Compound 4 was only identified by GC/MS analysis. The GC chromatogram of 4 showed a peak (TR = 54.942 min; molecular ion peak: m/z 412) with mass spectrum similar to that of 4,4-dimethyl-cholesta-22,24-dien-5-ol (Zhuang et al., 2010), according to the NIST data bank.

The IR spectrum of 5 showed absorptions at 3276 and 1036 cm-1, which are characteristic of hydroxyl groups. The 1H NMR spectrum showed signals at δH 5.17 and 4.61, which are attributed to alkenylic and carbinolic hydrogen atoms, respectively. The other hydrogen signals are registered between δH 2.0 and 0.8. The 13C NMR spectrum showed signals at δC 79.1, characteristic of hydroxyl groups, and signals at δC 139.6 and 124.4, which are characteristic of the ursan skeleton. The 13C NMR data of 5 are in agreement with the corresponding data described for α-amyrin (Costa et al., 2008).

The IR spectrum of the mixture of 5 and 6 showed strong absorptions at 3278, 1189, and 1096 cm-1, which are characteristic of hydroxyl groups. The 1H NMR spectrum showed signals at δH 5.17-5.10 and δH 4.67-4.56, which are attributed to alkenylic and carbinolic hydrogen atoms. The other hydrogen signals are registered between δH 2.0 and 0.8. The 13C NMR spectrum showed signals at δC 139.6 and 124.4, which are characteristic of the ursan skeleton, and signals at δC 150.9 (non-hydrogenated carbon) and 109.3 (methylene carbon), which are characteristic of triterpenes with lupan skeleton. The 13C NMR data of the mixture of 5 and 6 are in agreement with the corresponding data described for α-amyrin and lupeol (Costa et al., 2008), respectively.

The IR spectrum of 7 showed strong absorptions at 1736, 1376, and 1217 cm-1, which are characteristic of ester groups. The 1H NMR spectrum showed a singlet signal at δH 5.46 and a doublet signal at δH 4.57 (J = 10.9 and 4.5 Hz), which are attributed to alkenylic and carbinolic hydrogen atoms. The other hydrogen signals are registered between δH 2.5 and 0.8. The 13C NMR spectrum showed signals at δC 171.0, 145.5, and 116.3, which are characteristic of acetylated triterpenes with bauerenyl skeleton. The 13C NMR data of 7 are in agreement with the corresponding data described for Δ7-bauerenyl acetate (Mahato & Kundu, 1994).

The 1H NMR spectrum of 8 only showed signals at δH 2.4 to 0.7, which are characteristic of aliphatic hydrogen atoms. The 13C NMR spectrum showed a signal at δC 213.3, attributed to carbonylic carbon, and signals at δC 59.5 to 6.8. The 13C NMR data of 8 are in agreement with the corresponding data described for friedelin (Mahato & Kundu, 1994).

The 1H NMR spectrum of the mixture of 9 and 10 showed multiplet signals at δH 5.36 and 5.03, both signals were attributed to alkenylic hydrogen atoms. The 13C NMR spectrum showed signals at δC 140.8, 138.3, 129.3, and 121.7, which are in agreement with the corresponding data described for stigmasterol. The 13C NMR data of 10 are similar to those of 9, except for the signals attributed to the alkenylic carbon atoms, which were only recorded two signals at δC 140.8 and 121.7. These 13C NMR data are in agreement with the corresponding data described for sitosterol (Costa et al., 2008).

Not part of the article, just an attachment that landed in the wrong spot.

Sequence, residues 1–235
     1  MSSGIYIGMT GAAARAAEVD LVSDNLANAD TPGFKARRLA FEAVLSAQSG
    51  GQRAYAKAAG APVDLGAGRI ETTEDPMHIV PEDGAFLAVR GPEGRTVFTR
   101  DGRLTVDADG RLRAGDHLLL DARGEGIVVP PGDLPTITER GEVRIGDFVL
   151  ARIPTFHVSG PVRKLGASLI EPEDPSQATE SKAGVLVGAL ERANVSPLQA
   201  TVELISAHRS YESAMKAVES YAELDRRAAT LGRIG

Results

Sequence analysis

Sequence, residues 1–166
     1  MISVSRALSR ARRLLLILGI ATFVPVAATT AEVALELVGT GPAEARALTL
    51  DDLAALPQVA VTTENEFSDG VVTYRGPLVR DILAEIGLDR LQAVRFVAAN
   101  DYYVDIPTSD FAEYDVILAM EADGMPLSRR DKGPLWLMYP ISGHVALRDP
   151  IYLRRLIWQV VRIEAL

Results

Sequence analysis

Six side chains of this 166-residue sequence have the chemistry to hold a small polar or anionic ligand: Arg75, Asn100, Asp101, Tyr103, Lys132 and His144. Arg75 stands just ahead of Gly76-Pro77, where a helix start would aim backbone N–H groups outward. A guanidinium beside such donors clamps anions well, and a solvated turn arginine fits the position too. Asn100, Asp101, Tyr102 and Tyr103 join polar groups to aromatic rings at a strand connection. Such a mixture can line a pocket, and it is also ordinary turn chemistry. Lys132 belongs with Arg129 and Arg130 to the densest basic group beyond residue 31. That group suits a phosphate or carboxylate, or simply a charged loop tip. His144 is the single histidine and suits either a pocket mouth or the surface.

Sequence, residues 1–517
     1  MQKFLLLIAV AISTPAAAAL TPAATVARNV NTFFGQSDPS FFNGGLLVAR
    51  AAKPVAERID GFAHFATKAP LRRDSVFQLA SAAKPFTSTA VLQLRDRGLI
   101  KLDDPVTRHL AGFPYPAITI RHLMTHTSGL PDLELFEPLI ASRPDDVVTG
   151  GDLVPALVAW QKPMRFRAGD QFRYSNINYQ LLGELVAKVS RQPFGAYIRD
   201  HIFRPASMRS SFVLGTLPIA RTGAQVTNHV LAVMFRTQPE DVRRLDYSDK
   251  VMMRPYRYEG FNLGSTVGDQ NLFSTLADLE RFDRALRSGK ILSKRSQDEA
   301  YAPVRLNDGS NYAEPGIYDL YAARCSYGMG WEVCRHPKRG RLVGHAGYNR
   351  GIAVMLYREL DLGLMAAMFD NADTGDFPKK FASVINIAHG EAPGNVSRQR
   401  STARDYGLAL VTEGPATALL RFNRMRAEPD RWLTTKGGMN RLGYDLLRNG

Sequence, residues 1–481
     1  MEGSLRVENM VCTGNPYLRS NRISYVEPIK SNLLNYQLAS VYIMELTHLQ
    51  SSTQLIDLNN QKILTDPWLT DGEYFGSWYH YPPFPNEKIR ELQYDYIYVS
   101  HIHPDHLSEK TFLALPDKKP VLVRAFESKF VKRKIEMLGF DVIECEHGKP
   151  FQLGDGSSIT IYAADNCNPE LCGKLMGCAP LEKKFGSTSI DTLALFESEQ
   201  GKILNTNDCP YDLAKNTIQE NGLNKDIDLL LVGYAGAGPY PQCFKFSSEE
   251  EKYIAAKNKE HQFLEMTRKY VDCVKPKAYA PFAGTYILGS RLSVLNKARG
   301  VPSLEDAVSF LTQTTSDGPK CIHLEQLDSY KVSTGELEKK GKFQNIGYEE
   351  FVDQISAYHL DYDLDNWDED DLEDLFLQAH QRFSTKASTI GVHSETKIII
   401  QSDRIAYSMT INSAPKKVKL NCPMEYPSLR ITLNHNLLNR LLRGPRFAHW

Click to enlarge

 

Mixture of 3-O-acetyl-lupeol (1) and 3-O-acetyl-pseudotaraxasterol (2): IR (cm-1) v 2921, 2851, 1733, 1463, 1378, 1244, 1174, 1009, 979; 1H NMR (400 MHz, CDCl3) δH 5.36-5.12 (m), 4.69-4.45 (m); 13C NMR data of 1 (100 MHz, CDCl3) δC 174.0 (CO2R), 151.2 (C-20), 109.6 (C-29), 81.3 (C-3), 55.6 (C-5), 50.6 (C-9), 48.3 (C-18), 47.9 (C-19), 43.1 (C-17), 42.4 (C-14), 41.2 (C-8), 40.3 (C-22), 38.8 (C-1/C-4), 38.0 (C-13), 37.1 (C-10), 35.2 (C-16), 34.5 (C-7), 29.8 (C-21), 28.2 (C-23), 27.7 (C-2), 27.3 (C-15), 25.3 (C-12), 21.2 (C-11), 19.5 (C-30), 18.3 (C-6), 18.0 (C-28), 16.2 (C-25), 16.0 (C-26), 15.8 (C-24), 14.5 (C-27); 13C NMR data of 2 (100 MHz, CDCl3) δC 171.0 (CO2Me), 139.8 (C-20), 118.9 (C-21), 80.9 (C-3), 55.6 (C-5), 50.6 (C-9), 48.6 (C-18), 42.4 (C-14/C-22), 41.2 (C-8), 38.8 (C-1/C-4/C-13), 37.1 (C-10), 36.6 (C-16/C-19), 34.5 (C-7/C-17), 28.3 (C-23), 27.7 (C-2/C-12), 26.9 (C-15), 22.8 (C-29), 21.7 (C-30), 21.6 (C-11), 18.3 (C-6), 17.8 (C-28), 16.3 (C-25), 16.0 (C-26), 15.8 (C-24), 14.8 (C-27).

3-O-acetyl-α-amyrin (3): white solid; mp 238.0-240.0 ºC; IR (cm-1) v 2923, 1733, 1449, 1387, 1378, 1365, 1243, 1022, 1003, 984, 968; 1H NMR (400 MHz, CDCl3) δH 5.16 (m, H-12), 4.51 (m, H-3), 2.05 (s, CO2Me); 13C NMR (100 MHz, CDCl3) δC 171.4 (CO2Me), 139.6 (C-13), 124.3 (C-12), 81.0 (C-3), 59.0 (C-18), 55.2 (C-5), 47.7 (C-9), 42.1 (C-14), 41.5 (C-22), 40.0 (C-8), 39.6 (C-19/C-20), 38.7 (C-1/C-4), 36.9 (C-10), 33.7 (C-17), 32.9 (C-7), 31.2 (C-21), 28.7 (C-15), 28.1 (C-23/C-28), 27.2 (C-2), 26.6 (C-16), 23.3 (C-11/C-27), 21.3 (C-30), 18.3 (C-6), 17.4 (C-29), 16.9 (C-26), 15.6 (C-24/C-25); MS (70 eV) m/z (rel. int.) 468 [M+] (2), 454 (1), 368 (1), 270 (2), 249 (2), 218 (100), 203 (26), 189 (22), 175 (6), 147 (7), 135 (14), 95 (14), 69 (11), 55 (9).